Initiatives like these save cities and taxpayers dollars in energy costs, and can be built upon with this new round of funding.
The BIL provides a historic federal investment in closing the digital divide—roughly $65 billion for broadband infrastructure and digital equity. The majority of this funding is funneled through a series of grant programs managed by the National Telecommunications and Information Administration (NTIA). The largest of these programs is the $42 billion Broadband Equity, Access, and Deployment Program. This program will provide formula grants to state governments to award subgrants for broadband planning, mapping, deployment, and adoption programs. States are required to prioritize unserved areas, underserved areas, and some key anchor institutions and facilities. States are also required by the law to develop broadband plans for approval by NTIA prior to spending the funds, and must coordinate with local governments and other stakeholders when developing these plans.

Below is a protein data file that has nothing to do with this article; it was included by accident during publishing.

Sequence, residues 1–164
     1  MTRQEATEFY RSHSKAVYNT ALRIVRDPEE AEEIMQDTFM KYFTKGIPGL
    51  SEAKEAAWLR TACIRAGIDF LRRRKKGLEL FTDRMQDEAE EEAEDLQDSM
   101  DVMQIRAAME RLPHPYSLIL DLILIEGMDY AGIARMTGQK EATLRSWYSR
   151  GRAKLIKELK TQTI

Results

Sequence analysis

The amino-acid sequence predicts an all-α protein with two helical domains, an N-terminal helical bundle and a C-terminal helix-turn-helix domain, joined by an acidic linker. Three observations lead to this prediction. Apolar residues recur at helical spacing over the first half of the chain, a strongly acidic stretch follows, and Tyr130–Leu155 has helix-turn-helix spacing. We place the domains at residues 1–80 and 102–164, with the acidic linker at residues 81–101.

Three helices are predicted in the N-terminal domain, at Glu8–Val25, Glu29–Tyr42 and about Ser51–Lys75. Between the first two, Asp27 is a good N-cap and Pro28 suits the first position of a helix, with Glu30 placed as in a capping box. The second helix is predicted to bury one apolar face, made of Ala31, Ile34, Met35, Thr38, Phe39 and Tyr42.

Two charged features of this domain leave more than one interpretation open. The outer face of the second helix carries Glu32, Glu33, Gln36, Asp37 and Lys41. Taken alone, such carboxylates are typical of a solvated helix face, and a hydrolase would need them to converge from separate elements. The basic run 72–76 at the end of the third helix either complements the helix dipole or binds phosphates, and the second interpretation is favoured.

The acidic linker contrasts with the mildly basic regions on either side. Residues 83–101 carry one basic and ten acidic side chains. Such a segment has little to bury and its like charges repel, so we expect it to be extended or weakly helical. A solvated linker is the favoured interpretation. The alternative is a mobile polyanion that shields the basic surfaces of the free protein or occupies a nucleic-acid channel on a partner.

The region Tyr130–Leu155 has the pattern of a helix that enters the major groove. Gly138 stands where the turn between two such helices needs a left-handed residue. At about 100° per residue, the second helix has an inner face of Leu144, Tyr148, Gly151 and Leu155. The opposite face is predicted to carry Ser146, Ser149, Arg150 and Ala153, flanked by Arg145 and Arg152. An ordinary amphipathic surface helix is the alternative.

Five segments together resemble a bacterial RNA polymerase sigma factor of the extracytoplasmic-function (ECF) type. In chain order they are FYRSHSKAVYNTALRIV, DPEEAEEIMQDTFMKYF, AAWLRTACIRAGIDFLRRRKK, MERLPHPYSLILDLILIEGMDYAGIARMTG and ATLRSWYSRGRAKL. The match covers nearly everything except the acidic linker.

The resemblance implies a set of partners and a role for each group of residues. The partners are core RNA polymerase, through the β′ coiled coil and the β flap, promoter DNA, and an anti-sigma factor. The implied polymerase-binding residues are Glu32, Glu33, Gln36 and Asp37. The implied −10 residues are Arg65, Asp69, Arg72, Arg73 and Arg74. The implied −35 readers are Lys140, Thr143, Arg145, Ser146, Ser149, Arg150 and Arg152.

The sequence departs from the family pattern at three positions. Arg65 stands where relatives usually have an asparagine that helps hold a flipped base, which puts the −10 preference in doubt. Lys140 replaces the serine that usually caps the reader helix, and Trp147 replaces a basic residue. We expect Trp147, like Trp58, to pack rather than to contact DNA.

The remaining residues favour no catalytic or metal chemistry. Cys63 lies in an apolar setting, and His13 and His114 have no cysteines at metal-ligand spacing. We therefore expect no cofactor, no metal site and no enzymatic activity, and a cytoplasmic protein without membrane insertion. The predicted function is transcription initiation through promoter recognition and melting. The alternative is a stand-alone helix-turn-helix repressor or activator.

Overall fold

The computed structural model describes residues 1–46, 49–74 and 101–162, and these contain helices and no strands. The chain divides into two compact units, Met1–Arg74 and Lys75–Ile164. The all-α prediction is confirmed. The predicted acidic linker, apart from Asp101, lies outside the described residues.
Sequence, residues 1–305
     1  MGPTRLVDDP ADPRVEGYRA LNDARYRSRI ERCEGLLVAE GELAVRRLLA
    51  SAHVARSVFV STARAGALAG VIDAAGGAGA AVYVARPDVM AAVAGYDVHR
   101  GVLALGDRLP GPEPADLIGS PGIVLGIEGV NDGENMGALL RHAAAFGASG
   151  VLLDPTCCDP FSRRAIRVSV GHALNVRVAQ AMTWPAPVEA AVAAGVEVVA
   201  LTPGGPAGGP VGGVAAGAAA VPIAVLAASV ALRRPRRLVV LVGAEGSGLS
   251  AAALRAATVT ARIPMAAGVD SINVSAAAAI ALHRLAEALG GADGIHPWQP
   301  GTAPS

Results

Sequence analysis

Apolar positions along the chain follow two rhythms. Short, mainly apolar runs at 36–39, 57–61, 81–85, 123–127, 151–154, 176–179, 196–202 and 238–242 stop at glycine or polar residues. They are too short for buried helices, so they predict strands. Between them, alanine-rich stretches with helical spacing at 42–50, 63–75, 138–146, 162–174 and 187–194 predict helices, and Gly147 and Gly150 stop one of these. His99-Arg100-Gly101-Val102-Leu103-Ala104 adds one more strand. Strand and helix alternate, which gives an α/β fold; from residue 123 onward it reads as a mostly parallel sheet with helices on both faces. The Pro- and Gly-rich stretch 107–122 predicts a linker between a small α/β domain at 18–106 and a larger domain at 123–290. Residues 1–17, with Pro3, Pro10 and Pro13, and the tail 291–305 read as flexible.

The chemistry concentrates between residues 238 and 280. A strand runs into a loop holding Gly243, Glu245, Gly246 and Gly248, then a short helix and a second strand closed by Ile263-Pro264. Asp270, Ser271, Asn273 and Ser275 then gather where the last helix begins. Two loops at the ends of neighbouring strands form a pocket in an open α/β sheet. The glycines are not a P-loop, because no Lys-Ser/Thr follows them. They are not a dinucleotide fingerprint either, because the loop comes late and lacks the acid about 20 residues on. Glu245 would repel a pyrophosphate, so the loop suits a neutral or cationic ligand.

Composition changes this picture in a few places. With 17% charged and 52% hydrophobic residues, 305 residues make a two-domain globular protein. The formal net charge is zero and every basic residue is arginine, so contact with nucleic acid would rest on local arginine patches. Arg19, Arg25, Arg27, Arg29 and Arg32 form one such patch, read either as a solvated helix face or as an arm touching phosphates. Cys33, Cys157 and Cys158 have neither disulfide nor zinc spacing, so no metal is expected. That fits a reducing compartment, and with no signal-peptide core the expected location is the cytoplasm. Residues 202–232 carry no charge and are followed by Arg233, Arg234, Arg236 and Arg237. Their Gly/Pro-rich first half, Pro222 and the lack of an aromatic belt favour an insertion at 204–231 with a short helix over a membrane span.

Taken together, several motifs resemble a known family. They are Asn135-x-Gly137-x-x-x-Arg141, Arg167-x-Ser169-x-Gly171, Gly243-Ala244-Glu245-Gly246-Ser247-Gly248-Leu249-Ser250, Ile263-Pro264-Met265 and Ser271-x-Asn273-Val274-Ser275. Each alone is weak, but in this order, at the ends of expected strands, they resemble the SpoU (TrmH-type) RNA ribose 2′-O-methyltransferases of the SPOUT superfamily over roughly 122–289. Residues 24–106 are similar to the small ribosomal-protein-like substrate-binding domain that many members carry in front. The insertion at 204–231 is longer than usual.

NTIA is also responsible for the Digital Equity Act grant programs, which will provide funding for digital equity grant funding. Some is reserved for state formula grants, and the remainder for competitive grants. These funds are to be used for digital inclusion work, such as connecting residents in need to devices, subsidized broadband subscriptions, and skills training. NTIA will also administer the Middle Mile Broadband Infrastructure grant program, which will provide competitive grants to entities, including local governments, building middle mile broadband infrastructure projects, which do not connect directly to end users.